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The Irvine 11 (UPDATED)

That is how the students arrested for disrupting the Israeli ambassador’s speech at the University of California, Irvine are being described by their supporters.

Like the Seattle Seven ("That was me and, uh, six other guys"), the Scottsboro Nine, the Four Tops, the Stooges Three, and other monuments to American injustice and the peculiarities of taste, the 11 are not without their defenders. At least two Web sites have been launched (see here and here) and national groups have been recruited to the cause.

As Inside Higher Ed noted this week, most scholars say the free speech defense is bunk. Erwin Chemerinsky, dean of the Irvine law school, dedicated most of a column yesterday in the L.A. Times to demolishing that claim.

The government, including public universities, always can impose time, place and manner restrictions on speech. A person who comes into my classroom and shouts so that I cannot teach surely can be punished without offending the 1st Amendment. Likewise, those who yelled to keep the ambassador from being heard were not engaged in constitutionally protected behavior.

Freedom of speech, on campuses and elsewhere, is rendered meaningless if speakers can be shouted down by those who disagree. The law is well established that the government can act to prevent a heckler’s veto — to prevent the reaction of the audience from silencing the speaker. There is simply no 1st Amendment right to go into an auditorium and prevent a speaker from being heard, no matter who the speaker is or how strongly one disagrees with his or her message.

The remedy for those who disagreed with the ambassador was to engage in speech of their own, but in a way that was not disruptive. They could have handed out leaflets, stood with picket signs, spoken during the question-and-answer session, held a demonstration elsewhere on campus or invited their own speakers.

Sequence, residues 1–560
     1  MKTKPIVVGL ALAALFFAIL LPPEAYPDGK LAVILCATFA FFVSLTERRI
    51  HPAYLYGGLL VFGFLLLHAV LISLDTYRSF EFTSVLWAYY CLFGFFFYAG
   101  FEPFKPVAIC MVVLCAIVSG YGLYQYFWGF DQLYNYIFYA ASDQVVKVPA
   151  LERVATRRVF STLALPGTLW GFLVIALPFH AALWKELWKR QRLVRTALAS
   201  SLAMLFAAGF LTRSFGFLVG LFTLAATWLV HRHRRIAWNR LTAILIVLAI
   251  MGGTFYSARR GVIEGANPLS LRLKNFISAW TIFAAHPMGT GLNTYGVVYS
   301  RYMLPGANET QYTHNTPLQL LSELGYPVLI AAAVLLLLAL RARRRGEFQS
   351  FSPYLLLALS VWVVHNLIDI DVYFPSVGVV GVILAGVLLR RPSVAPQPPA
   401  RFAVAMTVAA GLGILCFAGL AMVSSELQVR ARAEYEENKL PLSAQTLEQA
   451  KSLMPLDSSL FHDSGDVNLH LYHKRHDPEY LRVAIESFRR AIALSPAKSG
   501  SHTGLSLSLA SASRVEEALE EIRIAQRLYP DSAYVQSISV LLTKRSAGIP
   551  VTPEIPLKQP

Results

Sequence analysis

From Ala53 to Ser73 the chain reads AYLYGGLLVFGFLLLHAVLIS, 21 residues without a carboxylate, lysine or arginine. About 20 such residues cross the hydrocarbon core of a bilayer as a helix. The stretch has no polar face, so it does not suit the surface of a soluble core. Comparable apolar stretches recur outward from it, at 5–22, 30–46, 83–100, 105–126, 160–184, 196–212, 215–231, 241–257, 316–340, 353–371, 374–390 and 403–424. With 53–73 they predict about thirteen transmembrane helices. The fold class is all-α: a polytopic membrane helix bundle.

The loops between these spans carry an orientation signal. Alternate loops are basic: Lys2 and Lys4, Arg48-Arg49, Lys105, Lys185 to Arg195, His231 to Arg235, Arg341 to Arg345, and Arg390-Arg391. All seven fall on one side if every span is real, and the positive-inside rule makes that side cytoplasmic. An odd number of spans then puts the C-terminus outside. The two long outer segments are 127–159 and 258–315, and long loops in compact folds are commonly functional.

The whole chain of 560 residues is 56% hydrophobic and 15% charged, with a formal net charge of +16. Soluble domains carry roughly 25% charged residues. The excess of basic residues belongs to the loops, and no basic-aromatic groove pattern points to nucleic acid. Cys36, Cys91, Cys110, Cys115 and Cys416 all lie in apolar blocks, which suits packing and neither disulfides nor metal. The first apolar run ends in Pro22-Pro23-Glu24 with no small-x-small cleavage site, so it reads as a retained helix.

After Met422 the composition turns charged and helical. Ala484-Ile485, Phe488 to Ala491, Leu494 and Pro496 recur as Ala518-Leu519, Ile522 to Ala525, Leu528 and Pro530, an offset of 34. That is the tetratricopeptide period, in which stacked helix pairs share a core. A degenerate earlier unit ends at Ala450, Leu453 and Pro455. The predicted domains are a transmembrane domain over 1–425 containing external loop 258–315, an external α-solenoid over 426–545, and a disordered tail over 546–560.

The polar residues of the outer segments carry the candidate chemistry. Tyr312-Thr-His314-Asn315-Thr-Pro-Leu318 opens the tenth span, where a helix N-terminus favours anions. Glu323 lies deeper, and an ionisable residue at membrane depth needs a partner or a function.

This thing is escalating into a full bore information war. Irvine11.com has a video that I like to think of as the Palestinian director’s cut of the much-circulated video of the disrupted Oren speech. It features Oren supporters cursing and gesticulating, and one bizarre section where a disembodied voice calmly suggests that someone — it’s not clear who — should go become a suicide bomber and do the world a favor. 

The site also features statements from the arrested students, all couched in the language of protest and free speech. The student government of UC San Diego has come out in their favor. And in a clever twist, they even cite a recent statement from President Obama, after he was heckled at a recent event, that can be construed as defending hecklers. Though as a former law professor himself, one has to imagine Obama is closer to Chemerinsky’s view on the limits of the First Amendment. 

This whole spectacle is about as arresting as watching a slow-motion car crash. Which is to say, very. But the sad part is, little good can come of this. The 11 students possibly facing prosecution will, with the help of all their supporters invoking the claims of high principle, come to see the judicial forces bearing down on them as yet one more manifestation of the Jewish juggernaut that silences and intimidates opponents. 

The Jewish side — elements of which are launching a little info war of their own (see here and here) — will similarly become ever more entrenched in their belief in the irrevocable hostility of Palestinians and their supporters. As the video above demonstrates, this sort of thing makes people want to get violent.

And all it took was a disrupted speech at an American university. Imagine how the folks in the Middle East must feel. 

UPDATE: In a press release yesterday from the Jewish Federation of Orange County (which, ahem, I never received), was the announcement of a new Web site urging action to pressure UCI to, among other things, freeze funding for the Muslim Students Union and launch an investigation of their role in the incident. Like everyone connected to this matter, the Web site tries to claim the mantle of — what else — free speech. It’s name? WeWontBeSilenced. Infowarriors, en garde!

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